Spectacular Churches of Russia

Church of Kizhi Pogost, Kizhi Island

Russia is a double-faced country with a questionable political attitude but full of wonderful pieces of art, friendly people, and fascinating history. Despite all extraordinary museums, palaces, and metro stations, the Russian churches can impress you until the core of your heart even if you are not into religion. Here we would like to mention just a few astonishing Russian churches and cathedrals to prove that Italy is not the only country that might impress you.

Trinity Lavra of St. Sergius, Sergiyev Posad

Less than 100km away from Moscow you can find is the most important Russian monastery and the spiritual center of the Russian Orthodox Church. This spot is important for Russians for more than 700 years. The first monastery that was built here was little, wooden, and made by Sergius of Radonezh. Later, he was joined by the religious followers and they have formed the community of monks called a lavra. Year by year this place became very important and during the 17th century the imposing church and monastery were built from stones. After the Russian Revolution in 1917, the Trinity Lavra was closed and reopened after World War II in 1946. Today, more than 300 monks live here permanently, thousands of pilgrims and tourists are visiting this sacred place annually, and the Trinity Lavra was included on the UNESCO World Heritage List in 1993.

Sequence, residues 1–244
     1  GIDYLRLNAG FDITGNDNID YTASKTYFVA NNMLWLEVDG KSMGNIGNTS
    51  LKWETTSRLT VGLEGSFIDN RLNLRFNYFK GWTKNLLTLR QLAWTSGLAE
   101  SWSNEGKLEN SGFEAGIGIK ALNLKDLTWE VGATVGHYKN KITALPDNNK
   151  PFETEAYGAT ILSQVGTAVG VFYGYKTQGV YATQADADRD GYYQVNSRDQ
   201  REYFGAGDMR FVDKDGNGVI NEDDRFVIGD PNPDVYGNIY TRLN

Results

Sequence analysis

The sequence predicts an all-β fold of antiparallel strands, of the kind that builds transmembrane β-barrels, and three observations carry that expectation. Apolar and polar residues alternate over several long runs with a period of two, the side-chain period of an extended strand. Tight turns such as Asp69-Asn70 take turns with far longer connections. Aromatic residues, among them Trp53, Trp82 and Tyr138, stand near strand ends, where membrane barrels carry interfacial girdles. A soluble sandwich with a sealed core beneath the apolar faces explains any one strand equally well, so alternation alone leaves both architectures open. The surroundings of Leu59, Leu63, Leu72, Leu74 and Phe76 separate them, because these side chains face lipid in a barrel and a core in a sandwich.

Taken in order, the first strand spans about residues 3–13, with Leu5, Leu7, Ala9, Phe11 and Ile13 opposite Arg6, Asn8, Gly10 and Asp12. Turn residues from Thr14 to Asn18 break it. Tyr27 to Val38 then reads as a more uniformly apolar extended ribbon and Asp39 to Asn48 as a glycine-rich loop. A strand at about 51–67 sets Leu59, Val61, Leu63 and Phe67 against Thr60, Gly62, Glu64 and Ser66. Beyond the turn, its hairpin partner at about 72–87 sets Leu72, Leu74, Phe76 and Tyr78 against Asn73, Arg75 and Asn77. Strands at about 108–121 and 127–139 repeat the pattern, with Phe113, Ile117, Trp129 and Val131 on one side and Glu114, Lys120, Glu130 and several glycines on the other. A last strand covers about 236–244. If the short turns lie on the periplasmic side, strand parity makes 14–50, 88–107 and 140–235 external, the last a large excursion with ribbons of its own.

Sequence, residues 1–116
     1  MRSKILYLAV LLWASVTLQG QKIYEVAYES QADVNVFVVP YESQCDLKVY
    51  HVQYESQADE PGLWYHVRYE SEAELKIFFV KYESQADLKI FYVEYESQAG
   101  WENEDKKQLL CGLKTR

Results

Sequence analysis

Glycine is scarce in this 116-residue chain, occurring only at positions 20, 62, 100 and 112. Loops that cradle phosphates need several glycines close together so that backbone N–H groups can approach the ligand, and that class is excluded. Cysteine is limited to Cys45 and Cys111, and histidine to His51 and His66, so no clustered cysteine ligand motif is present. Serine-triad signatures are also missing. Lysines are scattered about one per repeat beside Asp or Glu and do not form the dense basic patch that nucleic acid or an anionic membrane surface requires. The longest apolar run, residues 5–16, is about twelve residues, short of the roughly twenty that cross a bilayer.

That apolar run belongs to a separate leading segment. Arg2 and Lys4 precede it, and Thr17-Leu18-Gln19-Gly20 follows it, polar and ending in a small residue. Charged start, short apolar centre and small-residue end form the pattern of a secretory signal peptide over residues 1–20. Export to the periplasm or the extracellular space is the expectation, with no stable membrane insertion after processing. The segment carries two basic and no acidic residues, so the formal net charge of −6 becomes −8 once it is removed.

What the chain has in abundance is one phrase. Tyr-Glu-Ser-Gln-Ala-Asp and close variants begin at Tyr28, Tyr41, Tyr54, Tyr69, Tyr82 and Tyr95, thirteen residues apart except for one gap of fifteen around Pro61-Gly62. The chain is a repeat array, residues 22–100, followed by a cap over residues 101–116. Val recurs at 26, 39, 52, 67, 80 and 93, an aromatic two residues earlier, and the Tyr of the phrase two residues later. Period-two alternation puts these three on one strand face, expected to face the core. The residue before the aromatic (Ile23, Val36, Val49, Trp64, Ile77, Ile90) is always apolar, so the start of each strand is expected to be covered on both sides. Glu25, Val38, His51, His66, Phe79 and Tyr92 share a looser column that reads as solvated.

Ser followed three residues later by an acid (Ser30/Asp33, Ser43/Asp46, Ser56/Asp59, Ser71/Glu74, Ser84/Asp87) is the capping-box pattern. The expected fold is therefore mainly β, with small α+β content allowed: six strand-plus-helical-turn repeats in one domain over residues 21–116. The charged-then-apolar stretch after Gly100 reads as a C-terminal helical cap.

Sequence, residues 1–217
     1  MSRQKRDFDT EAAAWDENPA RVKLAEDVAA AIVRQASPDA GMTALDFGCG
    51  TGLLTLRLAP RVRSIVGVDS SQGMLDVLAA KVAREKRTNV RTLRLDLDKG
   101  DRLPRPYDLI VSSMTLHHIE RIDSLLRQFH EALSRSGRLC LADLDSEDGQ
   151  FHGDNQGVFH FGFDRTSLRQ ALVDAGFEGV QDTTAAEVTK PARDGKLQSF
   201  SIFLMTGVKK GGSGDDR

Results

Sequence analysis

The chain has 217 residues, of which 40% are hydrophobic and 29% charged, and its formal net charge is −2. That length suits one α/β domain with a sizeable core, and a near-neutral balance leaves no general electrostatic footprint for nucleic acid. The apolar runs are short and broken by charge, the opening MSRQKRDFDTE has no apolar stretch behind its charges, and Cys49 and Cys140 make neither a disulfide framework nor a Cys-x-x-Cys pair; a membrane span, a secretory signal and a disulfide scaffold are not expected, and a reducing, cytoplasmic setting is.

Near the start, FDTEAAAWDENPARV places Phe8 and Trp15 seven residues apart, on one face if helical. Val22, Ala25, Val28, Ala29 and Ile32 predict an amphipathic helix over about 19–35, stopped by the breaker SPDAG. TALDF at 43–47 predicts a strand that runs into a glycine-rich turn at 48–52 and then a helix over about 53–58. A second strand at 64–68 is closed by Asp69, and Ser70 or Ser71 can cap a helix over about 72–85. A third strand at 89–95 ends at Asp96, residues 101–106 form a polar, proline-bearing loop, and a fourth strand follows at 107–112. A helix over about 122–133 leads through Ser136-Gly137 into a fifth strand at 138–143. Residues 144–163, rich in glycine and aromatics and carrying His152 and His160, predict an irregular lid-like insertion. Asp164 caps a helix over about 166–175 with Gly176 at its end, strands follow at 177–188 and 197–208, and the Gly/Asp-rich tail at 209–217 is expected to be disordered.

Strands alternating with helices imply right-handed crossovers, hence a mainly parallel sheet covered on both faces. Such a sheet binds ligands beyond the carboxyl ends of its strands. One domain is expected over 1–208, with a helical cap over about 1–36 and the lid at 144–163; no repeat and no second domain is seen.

Kazan Cathedral, Saint Petersburg

Saint Petersburg is an incredible city full of imperial palaces, churches, and art galleries that will make your speechless. However, Kazan Cathedral is exceptional because it was designed to resemble the Cathedral of St. Peter in Rome. Construction of the cathedral started in 1801, and the project was made by famous Russian architect Andrey Voronikhin. The constructions of this cathedral are massive, and it is surrounded by ninety-six columns that are 13 meters high. The interior features numerous sculptures and icons created by the best Russian artists. This cathedral is dedicated to the Lady of Kazan and the masses are constantly held here.

Church of Kizhi Pogost, Kizhi Island

This church is quite different as it does not have golden domes or colorful exterior. Church of Kizhi Pogost is a historical wooden site built in the 17th century. The 37-meter high traditional design church with twenty-two domes has survived the Russian Revolution, World War II, and repressions of the Soviet Union, as a result, now this church, the nearby church the Intercession, and an octagonal wooden bell tower are protected by the law of UNESCO World Heritage.

Cathedral of Saint Basil, Moscow

It could be called the most recognizable cathedral in Russia because everyone knows those colorful domes in the heart of Red Square. The red walls and kaleidoscopic domes are forming the site of the UNESCO World Heritage is a national symbol. The construction of an outstanding building shaped like the flame of a bonfire was finished in 1561 as an order from Ivan the Terrible. The interior of the cathedral is decorated by famous paintings and the building now is used as a museum.

Cathedral of Saint Basil, Moscow
Cathedral of Saint Basil, Moscow